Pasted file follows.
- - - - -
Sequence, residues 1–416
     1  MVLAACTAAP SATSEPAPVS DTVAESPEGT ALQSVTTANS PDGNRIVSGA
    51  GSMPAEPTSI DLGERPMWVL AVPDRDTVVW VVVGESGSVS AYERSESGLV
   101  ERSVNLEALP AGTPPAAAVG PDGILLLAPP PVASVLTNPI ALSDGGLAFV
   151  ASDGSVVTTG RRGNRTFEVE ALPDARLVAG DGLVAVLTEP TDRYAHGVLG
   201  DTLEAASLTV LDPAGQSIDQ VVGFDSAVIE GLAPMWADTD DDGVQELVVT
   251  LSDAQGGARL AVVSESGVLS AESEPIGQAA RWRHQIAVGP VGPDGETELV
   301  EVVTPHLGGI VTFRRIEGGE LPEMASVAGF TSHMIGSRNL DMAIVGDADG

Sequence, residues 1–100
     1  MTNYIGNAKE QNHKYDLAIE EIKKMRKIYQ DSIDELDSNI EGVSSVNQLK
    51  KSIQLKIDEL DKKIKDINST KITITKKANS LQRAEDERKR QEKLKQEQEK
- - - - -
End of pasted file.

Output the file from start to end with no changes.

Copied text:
Sequence, residues 1–416
     1  MVLAACTAAP SATSEPAPVS DTVAESPEGT ALQSVTTANS PDGNRIVSGA
    51  GSMPAEPTSI DLGERPMWVL AVPDRDTVVW VVVGESGSVS AYERSESGLV
   101  ERSVNLEALP AGTPPAAAVG PDGILLLAPP PVASVLTNPI ALSDGGLAFV
   151  ASDGSVVTTG RRGNRTFEVE ALPDARLVAG DGLVAVLTEP TDRYAHGVLG
   201  DTLEAASLTV LDPAGQSIDQ VVGFDSAVIE GLAPMWADTD DDGVQELVVT
   251  LSDAQGGARL AVVSESGVLS AESEPIGQAA RWRHQIAVGP VGPDGETELV
   301  EVVTPHLGGI VTFRRIEGGE LPEMASVAGF TSHMIGSRNL DMAIVGDADG

Sequence, residues 1–100
     1  MTNYIGNAKE QNHKYDLAIE EIKKMRKIYQ DSIDELDSNI EGVSSVNQLK
    51  KSIQLKIDEL DKKIKDINST KITITKKANS LQRAEDERKR QEKLKQEQEK